That’s according to workforce development charity People 1st, which has responded to research released by the UK Commission for Employment and Skills earlier this month claiming that the number of young people earning and learning has fallen 50 per cent since 1996.
Titled ‘The death of the Saturday job’, the report found that the number of 16 and 17 year olds combining work and study has dropped from 42 per cent in 1996 to 18 per cent in 2014.
One in five young people (20 per cent) reported that hours of work were too restrictive, with nearly a quarter (23 per cent) reporting a lack of jobs in the local area.
“Though these statistics are alarming, our own findings suggest that almost half of waiting staff and 25 per cent of bar staff are also full-time students, making hospitality – and the flexible hours it offers – one of the most popular areas for young people to begin their journeys into the world of work,” commented Simon Tarr, managing director of People 1st.
Poor staff retention
Despite high levels of young people entering hospitality, the industry is failing to retain the best talent long term.
Staff turnover in the sector currently stands at 20 per cent, with approximately 365,675 workers leaving the sector each year - costing the industry £274m per annum.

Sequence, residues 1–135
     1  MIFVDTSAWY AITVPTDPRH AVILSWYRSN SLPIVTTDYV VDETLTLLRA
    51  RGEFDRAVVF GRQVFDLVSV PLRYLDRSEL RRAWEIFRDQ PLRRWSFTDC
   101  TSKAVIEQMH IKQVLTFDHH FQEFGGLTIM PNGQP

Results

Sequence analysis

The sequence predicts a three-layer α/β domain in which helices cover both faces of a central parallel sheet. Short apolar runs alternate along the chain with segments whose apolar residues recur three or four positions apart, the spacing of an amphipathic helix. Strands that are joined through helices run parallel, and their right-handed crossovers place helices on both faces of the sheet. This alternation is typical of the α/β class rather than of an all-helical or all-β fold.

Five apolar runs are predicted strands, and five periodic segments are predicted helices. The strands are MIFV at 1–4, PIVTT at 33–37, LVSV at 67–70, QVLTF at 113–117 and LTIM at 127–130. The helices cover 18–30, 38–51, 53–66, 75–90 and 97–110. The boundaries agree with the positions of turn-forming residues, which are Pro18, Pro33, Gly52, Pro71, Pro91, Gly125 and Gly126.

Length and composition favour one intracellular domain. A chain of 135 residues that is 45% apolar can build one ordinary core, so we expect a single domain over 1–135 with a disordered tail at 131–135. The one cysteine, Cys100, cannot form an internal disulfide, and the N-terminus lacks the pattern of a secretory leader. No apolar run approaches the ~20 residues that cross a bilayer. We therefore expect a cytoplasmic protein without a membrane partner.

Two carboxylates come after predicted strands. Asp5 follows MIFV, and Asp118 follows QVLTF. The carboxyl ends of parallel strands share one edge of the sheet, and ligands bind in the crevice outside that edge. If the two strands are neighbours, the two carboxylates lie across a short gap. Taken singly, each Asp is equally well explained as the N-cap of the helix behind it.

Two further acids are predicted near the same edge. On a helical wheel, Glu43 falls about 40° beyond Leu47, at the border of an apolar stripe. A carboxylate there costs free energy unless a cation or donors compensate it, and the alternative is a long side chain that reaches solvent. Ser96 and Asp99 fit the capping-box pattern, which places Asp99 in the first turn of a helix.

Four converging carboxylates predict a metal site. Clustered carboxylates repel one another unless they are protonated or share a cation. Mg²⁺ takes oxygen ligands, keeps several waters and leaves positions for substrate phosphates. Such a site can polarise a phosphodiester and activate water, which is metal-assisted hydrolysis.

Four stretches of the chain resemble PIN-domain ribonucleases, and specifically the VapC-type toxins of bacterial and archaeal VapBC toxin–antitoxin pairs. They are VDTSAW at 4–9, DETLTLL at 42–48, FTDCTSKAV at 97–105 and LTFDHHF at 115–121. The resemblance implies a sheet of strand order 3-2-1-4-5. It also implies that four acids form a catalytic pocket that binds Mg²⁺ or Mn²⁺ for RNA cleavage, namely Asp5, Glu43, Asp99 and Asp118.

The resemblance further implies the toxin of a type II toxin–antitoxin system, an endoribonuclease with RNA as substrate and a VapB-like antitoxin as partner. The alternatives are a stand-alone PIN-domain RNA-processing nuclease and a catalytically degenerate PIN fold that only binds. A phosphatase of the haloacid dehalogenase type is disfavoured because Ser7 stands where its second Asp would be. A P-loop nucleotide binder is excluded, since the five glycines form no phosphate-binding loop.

People 1st has warned that increasing the number of apprenticeships offered by businesses is ‘vital’ to encouraging young people to remain the industry.
“An increasing fear of failure has a crucial part to play in the decline of the Saturday job – young people simply don’t feel they can balance the pressure of exams with work, and this is where hospitality apprenticeships really come into their own,” said Tarr.
“Apprenticeships offer young people the opportunity to learn and earn while developing great careers, and a Saturday job has traditionally opened the doors to apprenticeships with small and large businesses."
Though a number of high profile hospitality companies such as Hilton and Whitbread currently operate extensive career schemes, there is evidence that the sector is failing to meet the career expectations of young people.
Earlier this year a study of 1,036 hospitality employees, 88 per cent of which were millennials, found that while staff rated a good work/life balance and 'encouraging and supporting employee development' as the most important traits of an employer - neither were considered representative of the culture of hospitality.
The findings come at a pivotal time for the industry, which is set to grow faster than the global economy this year.
Tarr said: “It’s vital that more employers are able to offer these opportunities and that young people understand that, when it comes to building a rewarding career, hospitality apprenticeships are a fantastic alternative to full-time education.”